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BMC genomics

Changes in the gene expression profiles of the brains of male European eels (Anguilla anguilla) during sexual maturation.


PMID 25230743

Abstract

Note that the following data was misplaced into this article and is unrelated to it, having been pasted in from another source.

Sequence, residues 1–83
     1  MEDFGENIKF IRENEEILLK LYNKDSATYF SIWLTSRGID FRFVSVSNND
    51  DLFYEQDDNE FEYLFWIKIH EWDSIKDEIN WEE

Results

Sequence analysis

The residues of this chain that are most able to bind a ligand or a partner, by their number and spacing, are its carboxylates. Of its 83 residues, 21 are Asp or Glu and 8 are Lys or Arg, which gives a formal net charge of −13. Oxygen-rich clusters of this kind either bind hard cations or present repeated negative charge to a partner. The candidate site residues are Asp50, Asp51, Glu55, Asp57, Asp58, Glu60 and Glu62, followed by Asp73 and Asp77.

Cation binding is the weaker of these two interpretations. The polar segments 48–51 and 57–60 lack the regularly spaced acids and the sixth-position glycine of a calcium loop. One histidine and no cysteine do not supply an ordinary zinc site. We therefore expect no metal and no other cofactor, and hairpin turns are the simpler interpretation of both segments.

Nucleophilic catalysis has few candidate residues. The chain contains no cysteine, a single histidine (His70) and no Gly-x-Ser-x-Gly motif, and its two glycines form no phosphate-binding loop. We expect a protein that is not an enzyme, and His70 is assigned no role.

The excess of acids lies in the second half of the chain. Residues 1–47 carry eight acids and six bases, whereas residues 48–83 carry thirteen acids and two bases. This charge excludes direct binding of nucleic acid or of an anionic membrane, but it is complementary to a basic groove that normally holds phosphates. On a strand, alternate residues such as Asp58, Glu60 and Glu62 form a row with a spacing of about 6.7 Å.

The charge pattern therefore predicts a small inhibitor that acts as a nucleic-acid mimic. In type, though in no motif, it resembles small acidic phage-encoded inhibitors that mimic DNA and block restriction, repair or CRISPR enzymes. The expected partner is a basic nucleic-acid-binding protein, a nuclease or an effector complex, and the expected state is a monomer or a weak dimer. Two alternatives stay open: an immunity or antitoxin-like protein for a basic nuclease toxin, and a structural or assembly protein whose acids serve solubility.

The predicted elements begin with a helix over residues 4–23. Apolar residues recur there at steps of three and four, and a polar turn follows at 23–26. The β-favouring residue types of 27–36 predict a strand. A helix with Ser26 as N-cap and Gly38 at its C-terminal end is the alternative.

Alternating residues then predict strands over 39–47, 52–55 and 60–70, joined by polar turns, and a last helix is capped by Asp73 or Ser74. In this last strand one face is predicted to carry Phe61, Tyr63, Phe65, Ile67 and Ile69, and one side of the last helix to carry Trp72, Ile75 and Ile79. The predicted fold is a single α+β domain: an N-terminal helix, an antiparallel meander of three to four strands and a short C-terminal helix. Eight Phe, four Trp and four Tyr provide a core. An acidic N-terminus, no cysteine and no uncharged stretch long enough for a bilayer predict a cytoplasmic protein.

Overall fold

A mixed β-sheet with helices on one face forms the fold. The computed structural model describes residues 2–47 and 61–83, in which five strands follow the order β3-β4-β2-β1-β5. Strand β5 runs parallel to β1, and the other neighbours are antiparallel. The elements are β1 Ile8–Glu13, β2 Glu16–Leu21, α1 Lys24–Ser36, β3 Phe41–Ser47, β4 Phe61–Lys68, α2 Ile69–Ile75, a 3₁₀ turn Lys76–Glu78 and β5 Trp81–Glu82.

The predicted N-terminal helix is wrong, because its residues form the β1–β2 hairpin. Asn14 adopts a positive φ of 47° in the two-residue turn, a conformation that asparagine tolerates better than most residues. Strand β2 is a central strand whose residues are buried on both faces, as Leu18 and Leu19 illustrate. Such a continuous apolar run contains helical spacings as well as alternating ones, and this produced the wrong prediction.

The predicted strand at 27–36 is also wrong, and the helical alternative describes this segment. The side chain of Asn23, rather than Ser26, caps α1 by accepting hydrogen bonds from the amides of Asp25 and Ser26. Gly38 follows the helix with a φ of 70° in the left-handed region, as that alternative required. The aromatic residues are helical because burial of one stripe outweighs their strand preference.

The vertebrate brain plays a critical role in the regulation of sexual maturation and reproduction by integrating environmental information with developmental and endocrine status. The European eel Anguilla anguilla is an important species in which to better understand the neuroendocrine factors that control reproduction because it is an endangered species, has a complex life cycle that includes two extreme long distance migrations with both freshwater and seawater stages and because it occupies a key position within the teleost phylogeny. At present, mature eels have never been caught in the wild and little is known about most aspects of reproduction in A. anguilla. The goal of this study was to identify genes that may be involved in sexual maturation in experimentally matured eels. For this, we used microarrays to compare the gene expression profiles of sexually mature to immature males. Using a false discovery rate of 0.05, a total of 1,497 differentially expressed genes were identified. Of this set, 991 were expressed at higher levels in brains (forebrain and midbrain) of mature males while 506 were expressed at lower levels relative to brains of immature males. The set of up-regulated genes includes genes involved in neuroendocrine processes, cell-cell signaling, neurogenesis and development. Interestingly, while genes involved in immune system function were down-regulated in the brains of mature males, changes in the expression levels of several receptors and channels were observed suggesting that some rewiring is occurring in the brain at sexual maturity. This study shows that the brains of eels undergo major changes at the molecular level at sexual maturity that may include re-organization at the cellular level. Here, we have defined a set of genes that help to understand the molecular mechanisms controlling reproduction in eels. Some of these genes have previously described functions while many others have roles that have yet to be characterized in a reproductive context. Since most of the genes examined here have orthologs in other vertebrates, the results of this study will contribute to the body of knowledge concerning reproduction in vertebrates as well as to an improved understanding of eel biology.